Brown said he has been visiting the dahlia trials at Wisley for more than 60 years. He was on the original joint RHS/NDS dahlia committee and subsequent dahlia committee, which was part of the herbaceous committee.
Three years ago the RHS decided to finish the trials from the end of 2015, he said. "The trials hierarchy in the RHS decided they wanted to rotate the trials to include more variety and permanent trials would be discontinued. This came as a bombshell to most of us on the forum. We made several cases for the continuance of the dahlia trials but it would appear to have fallen on deaf ears."
"What did not make sense was in the meantime the RHS had invited the NDS to hold their annual show in conjunction with the RHS Wisley show, which meant the dahlia trials would not be there to complement the show or vice versa." He added that the RHS is the international registrar of dahlia cultivars and the dahlia trials "were of a great help with registration of new cultivars".
"The dahlia trials were a crowd-drawing display. People came from far and wide. Also, the flowering period of the dahlia meant the trials field was still full of colour long after most of the other trials finished. In fact, last year the dahlias were still in flower there in early November. The loss of the trials was like a hammer blow. I sincerely hope that it will not be too long before dahlias once again grace the trials field and our very knowledgeable dahlia forum once again being able to judge and award AGM (Award of Garden Merit) dahlias."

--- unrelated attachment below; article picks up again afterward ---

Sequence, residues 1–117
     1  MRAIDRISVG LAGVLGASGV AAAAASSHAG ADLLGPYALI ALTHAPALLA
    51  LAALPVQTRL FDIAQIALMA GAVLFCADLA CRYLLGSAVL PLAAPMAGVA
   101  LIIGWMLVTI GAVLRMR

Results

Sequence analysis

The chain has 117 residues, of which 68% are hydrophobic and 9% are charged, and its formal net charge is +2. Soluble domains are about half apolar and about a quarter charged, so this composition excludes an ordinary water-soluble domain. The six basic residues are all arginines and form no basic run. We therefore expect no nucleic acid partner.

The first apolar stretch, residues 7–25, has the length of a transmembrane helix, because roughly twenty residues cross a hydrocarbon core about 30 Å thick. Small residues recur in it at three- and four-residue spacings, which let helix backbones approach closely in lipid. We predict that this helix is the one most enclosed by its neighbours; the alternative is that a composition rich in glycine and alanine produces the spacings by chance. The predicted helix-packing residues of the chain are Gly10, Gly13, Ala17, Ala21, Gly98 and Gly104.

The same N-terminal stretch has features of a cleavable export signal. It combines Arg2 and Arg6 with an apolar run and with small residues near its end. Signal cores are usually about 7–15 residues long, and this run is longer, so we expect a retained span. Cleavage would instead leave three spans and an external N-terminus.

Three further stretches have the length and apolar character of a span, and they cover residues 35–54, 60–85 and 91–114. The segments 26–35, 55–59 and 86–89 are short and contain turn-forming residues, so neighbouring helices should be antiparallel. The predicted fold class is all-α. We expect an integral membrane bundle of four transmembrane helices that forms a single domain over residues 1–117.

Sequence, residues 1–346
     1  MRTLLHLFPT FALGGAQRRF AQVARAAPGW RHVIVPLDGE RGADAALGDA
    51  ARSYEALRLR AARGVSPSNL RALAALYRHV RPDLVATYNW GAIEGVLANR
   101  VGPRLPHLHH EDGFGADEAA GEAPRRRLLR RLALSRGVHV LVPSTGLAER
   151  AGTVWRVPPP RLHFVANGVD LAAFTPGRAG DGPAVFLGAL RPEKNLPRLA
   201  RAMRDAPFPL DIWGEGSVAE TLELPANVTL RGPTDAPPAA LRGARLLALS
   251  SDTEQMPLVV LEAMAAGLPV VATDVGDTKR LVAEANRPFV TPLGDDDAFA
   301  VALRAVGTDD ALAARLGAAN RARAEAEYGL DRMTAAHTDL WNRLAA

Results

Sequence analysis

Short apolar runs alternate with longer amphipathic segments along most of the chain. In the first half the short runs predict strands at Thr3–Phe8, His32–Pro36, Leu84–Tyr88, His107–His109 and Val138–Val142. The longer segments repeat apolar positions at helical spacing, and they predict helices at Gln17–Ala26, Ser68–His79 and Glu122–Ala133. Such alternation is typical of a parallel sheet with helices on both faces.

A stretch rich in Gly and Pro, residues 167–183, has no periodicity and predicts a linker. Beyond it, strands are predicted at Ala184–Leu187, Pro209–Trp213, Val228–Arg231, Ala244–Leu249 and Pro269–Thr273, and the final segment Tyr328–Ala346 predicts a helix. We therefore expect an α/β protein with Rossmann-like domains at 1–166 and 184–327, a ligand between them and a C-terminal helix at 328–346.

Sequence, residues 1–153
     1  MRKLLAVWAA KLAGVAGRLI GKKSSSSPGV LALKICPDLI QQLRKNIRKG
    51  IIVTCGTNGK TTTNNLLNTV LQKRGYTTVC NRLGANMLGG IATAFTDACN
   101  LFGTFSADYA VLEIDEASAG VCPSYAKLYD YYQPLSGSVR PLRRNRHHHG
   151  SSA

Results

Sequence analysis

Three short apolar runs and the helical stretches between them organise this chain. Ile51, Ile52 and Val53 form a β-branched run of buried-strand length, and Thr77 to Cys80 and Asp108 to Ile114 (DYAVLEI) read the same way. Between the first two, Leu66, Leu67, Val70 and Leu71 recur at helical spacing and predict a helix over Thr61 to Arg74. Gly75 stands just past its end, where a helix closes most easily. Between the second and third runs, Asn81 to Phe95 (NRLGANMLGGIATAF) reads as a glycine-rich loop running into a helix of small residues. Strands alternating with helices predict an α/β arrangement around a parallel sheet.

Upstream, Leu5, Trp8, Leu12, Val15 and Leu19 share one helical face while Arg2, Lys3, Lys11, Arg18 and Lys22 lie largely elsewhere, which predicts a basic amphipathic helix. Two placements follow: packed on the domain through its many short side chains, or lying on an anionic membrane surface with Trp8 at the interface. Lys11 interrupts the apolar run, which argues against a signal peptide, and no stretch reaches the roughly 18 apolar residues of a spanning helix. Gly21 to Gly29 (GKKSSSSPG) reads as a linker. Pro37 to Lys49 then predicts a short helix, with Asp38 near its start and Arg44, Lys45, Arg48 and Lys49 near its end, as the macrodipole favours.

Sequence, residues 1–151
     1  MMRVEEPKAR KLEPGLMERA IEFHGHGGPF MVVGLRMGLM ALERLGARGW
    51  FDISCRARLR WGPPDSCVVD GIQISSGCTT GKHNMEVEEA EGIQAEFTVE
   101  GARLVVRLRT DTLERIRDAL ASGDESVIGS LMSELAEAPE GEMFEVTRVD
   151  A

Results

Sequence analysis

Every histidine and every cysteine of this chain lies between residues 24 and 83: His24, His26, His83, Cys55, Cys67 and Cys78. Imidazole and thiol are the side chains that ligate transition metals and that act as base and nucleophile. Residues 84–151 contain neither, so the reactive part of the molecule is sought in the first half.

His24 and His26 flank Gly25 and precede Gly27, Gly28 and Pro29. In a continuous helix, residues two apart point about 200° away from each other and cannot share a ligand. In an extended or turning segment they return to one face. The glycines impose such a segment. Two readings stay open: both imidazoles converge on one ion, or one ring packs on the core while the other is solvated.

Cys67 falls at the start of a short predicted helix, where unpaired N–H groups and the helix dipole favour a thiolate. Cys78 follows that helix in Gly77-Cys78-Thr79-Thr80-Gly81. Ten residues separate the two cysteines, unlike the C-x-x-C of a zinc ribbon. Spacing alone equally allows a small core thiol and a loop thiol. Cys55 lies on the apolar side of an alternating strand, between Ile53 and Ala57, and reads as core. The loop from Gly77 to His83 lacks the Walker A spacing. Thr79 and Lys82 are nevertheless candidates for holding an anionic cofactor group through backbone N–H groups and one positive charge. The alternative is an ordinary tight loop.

RHS trials development manager Mark Heath said: "The RHS trials programme aims to reflect the rapidly growing and ever-changing range of plants that are available to UK gardeners. We are keen to trial as wide a variety of plants as possible so more gardeners can try more plants with greater confidence because they know they have been through the exhaustive RHS trials process and been awarded the charity's AGM.
"Although dahlias won't be AGM assessed this year they will be trialled in the future in recognition of their importance and popularity. This year visitors to Wisley will still be able to enjoy the wonderful spectacle of dahlias in full bloom as a wide range of AGM dahlia varieties will be showcased in the Hilltop borders later in the year. Dahlias will also take centre stage during the annual RHS Garden Wisley Flower Show (6-11 September). Last year more than 100 exhibitors competed for the top prizes in the NDS competition."
NDS representatives said the move is sad but pointed out that there are many other herbaceous plants to trial while other permanent trials of plants such as iris, delphinium and sweet pea have also gone. "I was a bit upset when they disappeared," added vice-chairman Dave Bates. "We're looking for the best shop window for dahlias and Wisley certainly gave us that."